You Can’t Make This Up

39203350 - filing taxes online using a computer and being audited

The Internal Revenue Service (IRS) has a great list of tips for choosing a tax return preparer. One tip mentions the importance of reviewing the entire return before signing it. (This is obviously so any errors can be caught before sending it in.) A Minnesota tax return preparer intentionally made a few mistakes on her clients’ returns and claimed more than $500,000 from the IRS. (Either the clients didn’t take the time to review the claims, didn’t understand them, or they were in on the scam.)

It’s easy to understand why many people use a tax preparer to file taxes – the process seems to get more complicated each year and it takes an enormous amount of time to complete. (Once you sign the return, you are certifying that everything is accurate. You don’t want to make a mistake and be audited.) The tax preparer at the center of today’s ”Fraud of the Day” took care of the annual arduous process for about 200 friends and family over two years, but fabricated details that resulted in bogus refunds.

Further research revealed that the fraudster claimed her clients had income from non-existent jobs including ‘hair stylist’, ‘cleaner’ or ‘exotic dancer’. She also used the stolen identities of minors to list as dependents so her clients could qualify for additional tax credits. The tax preparer charged between $200 and $1,000 in cash per client. (She made a pretty good income from making up stuff.) Eventually, she got caught and the 28-year-old St. Paul woman pleaded guilty to one count of aggravated identity theft.

One tip that could be added to the list of suggestions when looking for a tax preparer is to run a character check. This woman was clearly out to rob honest taxpayers who take the time to accurately report their earnings from legitimate jobs. (This woman has to realize that you just can’t make up a job or dependents on a whim to collect money you don’t deserve.)

Source: Today’s ”Fraud of the Day” is based on an article entitled, ”St. Paul woman stole identities of minors for $500,000 tax fraud,” released on August 12, 2016.

A St. Paul woman who fraudulently claimed nearly half a million dollars in tax refunds pleaded guilty Friday to one count of aggravated identity theft in U.S. District Court in Minneapolis.

Between 2013 and 2015, Ebony Shante Yarbrough, 28, filed nearly 200 fraudulent state and federal tax returns for friends and family members, officials said.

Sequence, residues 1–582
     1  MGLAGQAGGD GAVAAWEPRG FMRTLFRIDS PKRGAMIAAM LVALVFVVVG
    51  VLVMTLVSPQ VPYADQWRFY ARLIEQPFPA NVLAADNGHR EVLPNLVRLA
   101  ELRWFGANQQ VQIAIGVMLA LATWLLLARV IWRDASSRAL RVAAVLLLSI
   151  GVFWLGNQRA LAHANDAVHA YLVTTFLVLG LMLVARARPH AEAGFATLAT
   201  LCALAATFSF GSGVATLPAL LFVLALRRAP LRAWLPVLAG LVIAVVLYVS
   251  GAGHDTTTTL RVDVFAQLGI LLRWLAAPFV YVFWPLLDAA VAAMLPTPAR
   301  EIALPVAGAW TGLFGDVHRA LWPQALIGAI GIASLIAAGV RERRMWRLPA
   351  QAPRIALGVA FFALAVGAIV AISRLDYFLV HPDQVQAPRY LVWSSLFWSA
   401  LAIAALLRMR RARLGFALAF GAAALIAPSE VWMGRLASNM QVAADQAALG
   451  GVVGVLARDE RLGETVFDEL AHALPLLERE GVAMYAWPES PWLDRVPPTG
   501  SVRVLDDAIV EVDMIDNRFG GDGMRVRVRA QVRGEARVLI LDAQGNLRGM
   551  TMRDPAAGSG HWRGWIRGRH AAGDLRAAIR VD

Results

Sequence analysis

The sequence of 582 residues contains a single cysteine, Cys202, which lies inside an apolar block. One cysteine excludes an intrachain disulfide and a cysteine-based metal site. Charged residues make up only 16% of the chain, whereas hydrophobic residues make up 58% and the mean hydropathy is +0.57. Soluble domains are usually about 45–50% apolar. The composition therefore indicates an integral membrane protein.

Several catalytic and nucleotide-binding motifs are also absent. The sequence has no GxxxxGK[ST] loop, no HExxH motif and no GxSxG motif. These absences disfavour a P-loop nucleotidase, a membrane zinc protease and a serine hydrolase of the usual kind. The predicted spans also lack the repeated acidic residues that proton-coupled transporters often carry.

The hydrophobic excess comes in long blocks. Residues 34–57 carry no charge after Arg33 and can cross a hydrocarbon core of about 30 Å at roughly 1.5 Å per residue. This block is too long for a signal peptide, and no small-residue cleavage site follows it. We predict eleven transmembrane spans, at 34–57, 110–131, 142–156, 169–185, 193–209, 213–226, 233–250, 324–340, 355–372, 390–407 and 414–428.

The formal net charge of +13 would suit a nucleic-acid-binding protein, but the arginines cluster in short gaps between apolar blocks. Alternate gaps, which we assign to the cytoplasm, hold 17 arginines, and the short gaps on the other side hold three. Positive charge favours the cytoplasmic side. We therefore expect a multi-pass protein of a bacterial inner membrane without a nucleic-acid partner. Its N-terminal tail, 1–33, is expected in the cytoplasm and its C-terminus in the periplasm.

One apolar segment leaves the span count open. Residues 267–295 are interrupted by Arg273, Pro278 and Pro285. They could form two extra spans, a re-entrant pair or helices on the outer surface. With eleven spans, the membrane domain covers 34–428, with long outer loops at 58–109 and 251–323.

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Larry Benson, Senior Director of Strategic Alliances, LexisNexis Risk Solutions - Government

Larry Benson is responsible for developing strategic partnerships and solutions for the government vertical. His expertise focuses on how government programs are defrauded by criminal groups, and the approaches necessary to prevent them from succeeding.

Mr. Benson has 30 years of experience in sales and business development. Before joining LexisNexis® Risk Solutions, he spent 12 years founding and managing two software technology startups. During the 1990s he spent 10 years as a Regional Director helping to grow a New England-based technology company from 300 employees to 7,000. He started his career with Martin Marietta Aerospace working on laser guided weapons and day/night vision systems.

A sought-after speaker and accomplished writer, Mr. Benson is the principal author of “Fraud of the Day,” a website dedicated to educating government officials about how criminals are defrauding government programs. He has co-authored WTF? Where’s the Fraud? How to Unmask and Stop Identity Fraud’s Drain on Our Government, and Data Personified, How Fraud is Changing the Meaning of Identity.

Benson holds a Bachelor of Science in Physics from Albright College, and earned two graduate degrees – a Master of Business Administration from Florida Institute of Technology, and a Master of Science in Engineering from Lehigh University.